WASHINGTON — In the first ruling of its kind, a federal judge ordered the speedy release Thursday of five Algerian men after concluding the government didn't have the evidence to hold them for nearly seven years in Guantanamo Bay prison.
The decision by U.S. District Judge Richard Leon, who was appointed by President Bush, was the latest setback for the administration's detention policies and could foretell more court-ordered releases.
The five men are natives of Algeria and citizens of Bosnia. They were arrested there in 2001 and were alleged to be plotting with al-Qaida. When the Bosnian courts ordered the men freed, U.S. authorities took them into custody and sent them to Guantanamo.
The prisoners include Lakhdar Boumediene, the lead plaintiff in a lawsuit that led to a Supreme Court ruling in June that said the Guantanamo detainees were entitled to challenge their detention before judges. Boumediene, 42, maintained all along that he was a relief worker with the Islamic Red Crescent.
Leon, however, backed the continued imprisonment of a sixth Algerian from the same group, concluding that the Justice Department had sufficient evidence he was a supporter of al-Qaida.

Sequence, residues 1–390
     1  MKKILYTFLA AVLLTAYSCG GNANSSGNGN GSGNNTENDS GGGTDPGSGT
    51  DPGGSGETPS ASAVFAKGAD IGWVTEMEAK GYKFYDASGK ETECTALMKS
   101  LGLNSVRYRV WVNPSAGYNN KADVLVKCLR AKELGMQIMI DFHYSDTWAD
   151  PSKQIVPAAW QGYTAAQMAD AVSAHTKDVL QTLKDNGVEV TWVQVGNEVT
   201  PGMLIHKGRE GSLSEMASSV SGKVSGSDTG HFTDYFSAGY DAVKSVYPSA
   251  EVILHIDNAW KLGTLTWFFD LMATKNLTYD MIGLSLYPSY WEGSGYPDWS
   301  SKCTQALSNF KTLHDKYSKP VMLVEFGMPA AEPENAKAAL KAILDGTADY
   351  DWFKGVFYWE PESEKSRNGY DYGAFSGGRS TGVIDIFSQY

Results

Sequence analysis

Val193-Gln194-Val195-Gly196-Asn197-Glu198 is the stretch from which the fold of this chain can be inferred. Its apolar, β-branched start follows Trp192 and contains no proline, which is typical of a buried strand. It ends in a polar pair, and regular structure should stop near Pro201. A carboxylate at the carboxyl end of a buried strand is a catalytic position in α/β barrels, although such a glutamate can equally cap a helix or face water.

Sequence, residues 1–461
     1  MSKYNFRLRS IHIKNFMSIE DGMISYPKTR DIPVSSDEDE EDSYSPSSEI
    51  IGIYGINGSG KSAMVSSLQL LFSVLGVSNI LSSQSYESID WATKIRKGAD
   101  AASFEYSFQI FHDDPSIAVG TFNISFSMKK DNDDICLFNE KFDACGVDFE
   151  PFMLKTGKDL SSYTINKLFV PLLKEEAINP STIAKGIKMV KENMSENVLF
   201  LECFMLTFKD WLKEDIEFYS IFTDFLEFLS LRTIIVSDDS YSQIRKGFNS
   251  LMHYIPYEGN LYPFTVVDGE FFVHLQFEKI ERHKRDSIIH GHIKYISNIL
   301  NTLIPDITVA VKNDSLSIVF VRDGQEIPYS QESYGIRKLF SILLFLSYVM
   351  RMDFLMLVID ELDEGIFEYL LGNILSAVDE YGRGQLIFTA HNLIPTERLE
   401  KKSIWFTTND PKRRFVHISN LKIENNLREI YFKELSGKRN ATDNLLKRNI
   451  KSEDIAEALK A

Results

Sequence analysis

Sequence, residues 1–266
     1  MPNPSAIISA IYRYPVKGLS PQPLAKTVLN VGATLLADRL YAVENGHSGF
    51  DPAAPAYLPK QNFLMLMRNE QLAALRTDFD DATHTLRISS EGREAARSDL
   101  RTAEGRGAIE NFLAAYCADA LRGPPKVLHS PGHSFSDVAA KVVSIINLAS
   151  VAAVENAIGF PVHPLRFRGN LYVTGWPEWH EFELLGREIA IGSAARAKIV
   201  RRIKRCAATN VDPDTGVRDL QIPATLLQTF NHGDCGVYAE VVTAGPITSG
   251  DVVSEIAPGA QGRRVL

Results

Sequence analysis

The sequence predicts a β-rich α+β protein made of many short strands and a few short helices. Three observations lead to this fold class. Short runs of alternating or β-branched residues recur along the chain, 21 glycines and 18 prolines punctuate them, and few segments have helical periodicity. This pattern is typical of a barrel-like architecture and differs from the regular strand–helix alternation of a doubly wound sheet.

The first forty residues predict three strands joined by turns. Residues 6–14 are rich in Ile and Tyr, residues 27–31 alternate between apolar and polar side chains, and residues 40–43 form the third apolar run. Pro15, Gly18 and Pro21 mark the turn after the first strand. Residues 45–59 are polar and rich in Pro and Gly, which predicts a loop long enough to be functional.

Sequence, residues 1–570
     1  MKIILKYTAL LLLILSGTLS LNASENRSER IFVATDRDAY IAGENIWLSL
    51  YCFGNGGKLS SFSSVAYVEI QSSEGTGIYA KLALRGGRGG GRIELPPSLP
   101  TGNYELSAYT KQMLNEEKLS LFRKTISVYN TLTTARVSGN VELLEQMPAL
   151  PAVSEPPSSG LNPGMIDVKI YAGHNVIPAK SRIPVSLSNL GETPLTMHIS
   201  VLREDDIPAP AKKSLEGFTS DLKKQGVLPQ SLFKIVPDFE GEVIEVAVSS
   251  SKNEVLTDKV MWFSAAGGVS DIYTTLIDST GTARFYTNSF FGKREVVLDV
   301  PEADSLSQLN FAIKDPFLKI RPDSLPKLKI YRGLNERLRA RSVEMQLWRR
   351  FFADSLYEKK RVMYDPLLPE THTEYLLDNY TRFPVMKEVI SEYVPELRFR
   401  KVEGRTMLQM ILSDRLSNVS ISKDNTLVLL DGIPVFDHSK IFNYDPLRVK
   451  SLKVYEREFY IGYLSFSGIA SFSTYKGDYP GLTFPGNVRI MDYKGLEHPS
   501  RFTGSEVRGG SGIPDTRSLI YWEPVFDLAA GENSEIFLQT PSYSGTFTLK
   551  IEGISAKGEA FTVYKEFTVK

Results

Leon's decision marked the first time that a lower court has concluded after a habeas corpus hearing that the government lacked evidence to hold Guantanamo detainees as enemy combatants. Now, more than 200 other detainees await similar reviews in Washington's federal court.
Leon said he didn't want his ruling to serve as precedent for upcoming cases. Nonetheless, the decision — issued by a judge who originally supported the government's position — is certain to hearten administration critics who think that many detainees are being held in the prison in Cuba without cause.
The ruling, however, doesn't figure to lead to a quick release.
The Justice Department can appeal to the U.S. Court of Appeals here. It could be weeks before the appeals court considers the matter, and its judges generally have endorsed Bush administration policies.
In an unusual entreaty, Leon urged the administration not to appeal his order releasing the five men. "Seven years of waiting for our legal system to give them an answer to a question so important is, in my judgment, more than enough," he said.